a Form of Slavery'
The suffering classes -- plantation workers
THOUGH PRIME MINISTER MAHATHIR Mohamad is weaning his country's booming
economy from agriculture to manufacturing, historical core commodities
like rubber, palm oil and timber still swell the treasury and keep the
plantation companies happy. In 1995, Malaysia had a trade surplus of
$1.3 billion on rubber goods, and its yield of 7.8 million tons of palm
oil was worth nearly four times as much. Megabucks. So the people bringing
in this golden harvest must be living pretty good, right?
Not so. Malaysia's plantation workers -- over half of whom are ethnic
Indian -- are its most abject citizens. Their wages are pitiful, their
housing wretched, their children's education lacking and their health
care negligible. Recently, the Malaysian Medical As-sociation (MMA)
said that it is "deeply concerned at the deplorable state of health
care in plantations," where most workers live with their families.
The MMA has urged a campaign for change so that "the plantation
population of more than 1 million people will be integrated into the
mainstream of national development and health care." Presently,
they are firmly outside it.
Rubber tappers, for example, collect latex from 6 a.m. to 2 p.m. They
must spend not more than 30 seconds to tap a tree if they are to meet
their 11 kg minimum quota. Notes social activist S. Arut-chelvan: "It's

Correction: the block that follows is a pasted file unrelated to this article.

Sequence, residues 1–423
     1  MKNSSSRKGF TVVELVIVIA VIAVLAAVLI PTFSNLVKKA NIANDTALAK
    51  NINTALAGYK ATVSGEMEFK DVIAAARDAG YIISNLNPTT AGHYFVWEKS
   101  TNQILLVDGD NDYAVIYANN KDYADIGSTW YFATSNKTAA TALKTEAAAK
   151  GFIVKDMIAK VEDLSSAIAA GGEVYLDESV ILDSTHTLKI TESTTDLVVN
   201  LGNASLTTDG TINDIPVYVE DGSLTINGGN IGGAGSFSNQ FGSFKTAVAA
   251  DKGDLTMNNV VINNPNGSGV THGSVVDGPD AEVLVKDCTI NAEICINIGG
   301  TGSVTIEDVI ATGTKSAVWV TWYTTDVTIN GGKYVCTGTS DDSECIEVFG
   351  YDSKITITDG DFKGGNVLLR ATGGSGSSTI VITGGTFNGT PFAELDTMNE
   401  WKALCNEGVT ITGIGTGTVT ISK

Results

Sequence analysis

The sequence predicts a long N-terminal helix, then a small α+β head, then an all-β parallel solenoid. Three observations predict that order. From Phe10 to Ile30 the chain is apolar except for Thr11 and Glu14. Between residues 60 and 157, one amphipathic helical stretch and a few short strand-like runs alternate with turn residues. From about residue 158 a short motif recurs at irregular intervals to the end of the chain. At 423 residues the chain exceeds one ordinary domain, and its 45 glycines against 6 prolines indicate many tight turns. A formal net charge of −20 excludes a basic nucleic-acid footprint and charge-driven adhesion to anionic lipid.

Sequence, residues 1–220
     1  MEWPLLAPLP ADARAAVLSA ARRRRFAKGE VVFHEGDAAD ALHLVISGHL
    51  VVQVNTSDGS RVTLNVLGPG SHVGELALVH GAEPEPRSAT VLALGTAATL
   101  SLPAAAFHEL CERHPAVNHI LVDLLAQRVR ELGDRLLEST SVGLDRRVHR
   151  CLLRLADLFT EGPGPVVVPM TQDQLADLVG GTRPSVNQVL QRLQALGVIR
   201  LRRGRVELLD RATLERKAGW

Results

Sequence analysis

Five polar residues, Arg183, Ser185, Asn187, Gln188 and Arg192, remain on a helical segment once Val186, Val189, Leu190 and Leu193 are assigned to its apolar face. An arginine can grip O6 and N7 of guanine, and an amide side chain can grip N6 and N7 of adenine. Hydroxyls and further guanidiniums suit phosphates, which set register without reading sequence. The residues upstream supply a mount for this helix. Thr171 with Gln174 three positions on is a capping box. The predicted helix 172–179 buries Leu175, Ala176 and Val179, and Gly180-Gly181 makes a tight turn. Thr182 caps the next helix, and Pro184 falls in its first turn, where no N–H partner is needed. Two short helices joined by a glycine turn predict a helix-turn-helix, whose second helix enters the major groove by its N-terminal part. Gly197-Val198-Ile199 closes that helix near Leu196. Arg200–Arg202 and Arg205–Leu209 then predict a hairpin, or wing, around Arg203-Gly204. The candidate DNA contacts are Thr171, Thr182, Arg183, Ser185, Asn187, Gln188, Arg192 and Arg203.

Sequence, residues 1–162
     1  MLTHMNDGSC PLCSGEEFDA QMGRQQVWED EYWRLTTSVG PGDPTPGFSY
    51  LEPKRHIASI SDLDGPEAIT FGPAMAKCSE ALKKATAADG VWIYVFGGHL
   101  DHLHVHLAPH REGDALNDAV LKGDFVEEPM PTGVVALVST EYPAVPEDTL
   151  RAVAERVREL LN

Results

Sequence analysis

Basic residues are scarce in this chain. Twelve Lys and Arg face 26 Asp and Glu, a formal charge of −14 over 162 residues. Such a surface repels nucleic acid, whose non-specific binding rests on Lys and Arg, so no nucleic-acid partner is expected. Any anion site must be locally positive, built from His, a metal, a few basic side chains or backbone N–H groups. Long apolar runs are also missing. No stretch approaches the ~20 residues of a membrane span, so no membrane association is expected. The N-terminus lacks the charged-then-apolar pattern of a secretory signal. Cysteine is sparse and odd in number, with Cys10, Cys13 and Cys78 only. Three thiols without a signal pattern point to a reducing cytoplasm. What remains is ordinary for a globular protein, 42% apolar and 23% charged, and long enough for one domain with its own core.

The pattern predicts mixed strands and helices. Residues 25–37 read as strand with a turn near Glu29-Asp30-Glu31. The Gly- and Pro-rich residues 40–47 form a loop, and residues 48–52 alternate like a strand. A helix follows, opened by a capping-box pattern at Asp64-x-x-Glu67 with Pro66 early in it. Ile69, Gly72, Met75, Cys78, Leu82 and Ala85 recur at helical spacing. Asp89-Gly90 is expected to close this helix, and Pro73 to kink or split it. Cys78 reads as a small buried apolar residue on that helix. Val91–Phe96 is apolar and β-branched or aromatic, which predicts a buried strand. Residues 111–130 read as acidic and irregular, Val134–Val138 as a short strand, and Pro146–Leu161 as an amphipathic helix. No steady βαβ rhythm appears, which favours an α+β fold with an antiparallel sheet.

a skilled job. If you cut more than the bark you can damage the tree."
Yet for such delicate work, the tapper gets just over $4 a day, plus
extra for each kilo of latex above the minimum. If it rains, the laborers
can't work, making less. The minuscule day-rate upsets activists. Says
a former MMA president, Dr. R.S. McCoy: "It's a form of slavery."
There's worse news. Many of the workers are women, especially the rubber
tappers, and this means they have little time to look after their children.
Some plantations have cr`eches, some good, most not. Almost everyone
concedes estate kids get a poor education. And while workers and their
families have access to clinics, it doesn't guarantee them health care.
"Some managers don't allow the workers to go for treatment,"
observes M. Mahalingam of the health ministry. "If they go without
permission, they lose their wages."
What do the workers want? Basically, 24-hour water and electricity supply,
proper medical care and education for their kids, decent living conditions,
and a fair wage. Says Arutchelvan: "They want the daily rate replaced
by a fixed monthly wage, and they want an annual increase, an annual
bonus and retirement benefits."
What are the politicians doing? Some note that since the average monthly
household income for plantation workers is about twice the poverty level
of $150, the problem is not so urgent. Most are concerned and sympathetic,
but put the onus on the owners. Says McCoy: "They say the estates
are private land, so they can't act. But abuses and crimes take place
in private homes, and they act. It's ridiculous." Political focus
is elsewhere, on fast economic development and the thrust away from
commodities to manufacturing.
The government also seems to think the problem might go away by itself.
Malaysian estate workers are moving to urban factories and being replaced
by foreign labor, mostly from Bangladesh and Indonesia. On some plantations,
they already make up half the workers. "As time goes by, Malaysians
will no longer work in the estates," says Mahalingam. "I'm
very happy about that." But for those Malaysians -- as well as
foreigners -- whose lives remain tied to the plantations, that sentiment
is scant compensation.
-- By Roger Mitton / Kuala Lumpur